Even though a potential employer is the one asking most of the questions, during any job interview you will get your chance to fire some back at them. Some candidates jump at this chance, while others get shy and forget they actually want to know certain things about the company they could end up working for.
If your answer to this question is “no, I’m good”, then you’re missing a huge opportunity to gain an edge. How will you stand out in a sea of equally qualified applicants?
It’s easy to forget that job interviews are not only done so the company can learn more about you, but also as a way for you to find out more about them. Asking questions is a good sign that you came prepared and are truly interested in the role.
Asking the right questions is important here. Let us help:
“Can you tell me more about the company’s culture?”Ask about their work environment and how employees go about their daily routine. Knowing more about them as a team will help you figure out if you will fit in. It’s important to know whether you’ll be comfortable in the position, to ensure you can do a good job.
“What are your expectations for me if I get this job?”This is different from the skills and competencies outlined in the job description - you want to find out a range of expectations on a day-to-day basis (especially if the person interviewing you will be your manager or person you directly report to.) Answers here could range from the time they expect you to arrive each morning, your availability when not in the office to answer calls and emails, and long-term expectations like, “we expect you to move up to a more senior role within one year”. Knowing these additional points will give you an even better understanding of the job and the business.
“What is the typical career path for your employees?”Everyone wants to climb up the career ladder, so it’s okay to ask for opportunities of career growth. In fact, it’s welcomed! All employers want to hire someone who is keen to work hard and apply themselves. Asking this question shows how motivated you are to succeed in your field.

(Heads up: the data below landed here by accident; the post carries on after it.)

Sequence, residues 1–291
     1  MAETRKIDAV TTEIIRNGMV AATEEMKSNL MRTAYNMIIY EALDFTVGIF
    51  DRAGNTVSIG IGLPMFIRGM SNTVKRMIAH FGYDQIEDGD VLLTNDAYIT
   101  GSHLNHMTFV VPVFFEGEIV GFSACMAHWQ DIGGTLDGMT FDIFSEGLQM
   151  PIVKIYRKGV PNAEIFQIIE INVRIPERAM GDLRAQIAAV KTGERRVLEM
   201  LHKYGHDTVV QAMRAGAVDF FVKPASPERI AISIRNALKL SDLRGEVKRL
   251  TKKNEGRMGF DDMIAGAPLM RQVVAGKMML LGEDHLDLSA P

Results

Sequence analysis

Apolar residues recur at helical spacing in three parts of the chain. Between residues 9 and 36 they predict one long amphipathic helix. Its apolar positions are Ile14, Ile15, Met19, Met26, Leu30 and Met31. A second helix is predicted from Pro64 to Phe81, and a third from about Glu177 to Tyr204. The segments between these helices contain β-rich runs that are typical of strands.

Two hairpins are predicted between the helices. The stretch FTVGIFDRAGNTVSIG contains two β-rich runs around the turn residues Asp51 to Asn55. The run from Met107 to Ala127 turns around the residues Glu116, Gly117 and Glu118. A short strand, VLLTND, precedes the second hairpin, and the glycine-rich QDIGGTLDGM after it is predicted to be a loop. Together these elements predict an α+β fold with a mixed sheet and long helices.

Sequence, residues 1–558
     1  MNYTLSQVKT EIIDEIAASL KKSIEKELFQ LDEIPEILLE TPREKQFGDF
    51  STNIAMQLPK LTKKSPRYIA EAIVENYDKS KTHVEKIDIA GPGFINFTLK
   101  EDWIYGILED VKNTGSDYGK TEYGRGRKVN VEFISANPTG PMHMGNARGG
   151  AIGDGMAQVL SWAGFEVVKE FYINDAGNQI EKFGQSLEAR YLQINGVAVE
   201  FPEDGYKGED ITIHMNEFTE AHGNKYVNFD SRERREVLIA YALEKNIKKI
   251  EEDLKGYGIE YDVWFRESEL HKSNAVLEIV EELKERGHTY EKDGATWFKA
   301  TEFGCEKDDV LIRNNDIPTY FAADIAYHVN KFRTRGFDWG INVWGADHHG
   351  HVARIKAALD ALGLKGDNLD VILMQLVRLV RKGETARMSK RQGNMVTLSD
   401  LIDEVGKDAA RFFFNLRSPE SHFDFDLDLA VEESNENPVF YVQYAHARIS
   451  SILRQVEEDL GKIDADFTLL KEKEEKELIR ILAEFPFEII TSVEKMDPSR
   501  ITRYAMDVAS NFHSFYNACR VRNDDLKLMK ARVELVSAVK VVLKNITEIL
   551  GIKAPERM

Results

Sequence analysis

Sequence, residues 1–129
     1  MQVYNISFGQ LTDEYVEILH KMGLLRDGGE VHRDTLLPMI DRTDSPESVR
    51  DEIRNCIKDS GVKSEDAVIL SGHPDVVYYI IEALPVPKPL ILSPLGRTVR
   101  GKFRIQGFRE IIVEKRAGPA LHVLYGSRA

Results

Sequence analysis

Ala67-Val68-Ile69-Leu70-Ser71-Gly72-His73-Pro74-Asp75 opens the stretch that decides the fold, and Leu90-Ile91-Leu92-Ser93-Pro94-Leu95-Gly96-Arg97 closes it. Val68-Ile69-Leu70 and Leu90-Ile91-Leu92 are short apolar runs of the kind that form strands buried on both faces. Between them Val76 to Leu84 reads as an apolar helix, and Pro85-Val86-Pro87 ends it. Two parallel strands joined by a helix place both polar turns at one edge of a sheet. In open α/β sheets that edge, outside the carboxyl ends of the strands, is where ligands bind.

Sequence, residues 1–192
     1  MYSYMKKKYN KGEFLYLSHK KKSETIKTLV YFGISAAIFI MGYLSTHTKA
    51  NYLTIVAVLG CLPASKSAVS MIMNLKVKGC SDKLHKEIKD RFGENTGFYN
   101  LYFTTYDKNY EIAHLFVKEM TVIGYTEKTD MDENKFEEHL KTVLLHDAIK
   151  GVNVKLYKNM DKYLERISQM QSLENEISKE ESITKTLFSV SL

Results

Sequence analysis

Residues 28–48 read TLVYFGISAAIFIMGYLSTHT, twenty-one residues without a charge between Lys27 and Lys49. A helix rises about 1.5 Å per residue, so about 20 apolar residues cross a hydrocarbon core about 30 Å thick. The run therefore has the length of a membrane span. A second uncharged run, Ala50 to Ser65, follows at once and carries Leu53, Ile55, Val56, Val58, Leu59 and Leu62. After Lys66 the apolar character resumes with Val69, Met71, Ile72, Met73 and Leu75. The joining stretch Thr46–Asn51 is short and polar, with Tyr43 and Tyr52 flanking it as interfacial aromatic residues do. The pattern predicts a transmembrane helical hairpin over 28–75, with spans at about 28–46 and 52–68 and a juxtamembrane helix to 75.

“How do you define or measure success?”How are you going to succeed if you don’t know how they measure success? Ask them about the goals they will set for you and how they will measure whether you have met them. What counts as success in one business might not matter in another, so it’s crucial you find out exactly how they will define your achievements in this role.
“What do you enjoy most about working here?”We like this question because it often takes the interviewer by surprise, meaning you get an honest answer! If they immediately smile and start talking about things they enjoy - well done, you’re likely onto a winner and a great place to work. If they hesitate, drop their eyes down, and spend too much time thinking about their answer, you might want to head for the door. If the person interviewing you struggles to say what they enjoy, how much are you going to like working there?
“What’s the next step after this interview?”This last query is important because it signals how eager you are to move forward in the process. It is possible they will tell you how many others are vying for the position so you can weigh your chances. Also, you can get a timeline for when you can expect to hear back, and also figure out the right time to send a follow-up. Questions not to ask:“Is it mandatory that I stay late every day?”“How much time off will I get?”“How long can I take for lunch?”“I Googled you and found out you used to work for [company]. Why did you leave?”
These questions might be things you want to know, but they mostly pertain to times you won’t be working - and thus will make you look like you’re just keen to slack off. You might think that last question shows you’ve done your research, but instead you come off looking a little stalker-y. Also, it’s not really relevant.
And there you have it! Make sure you’re armed with some smart questions for your next interview, and chances are you will stand out from the crowd. Good luck!
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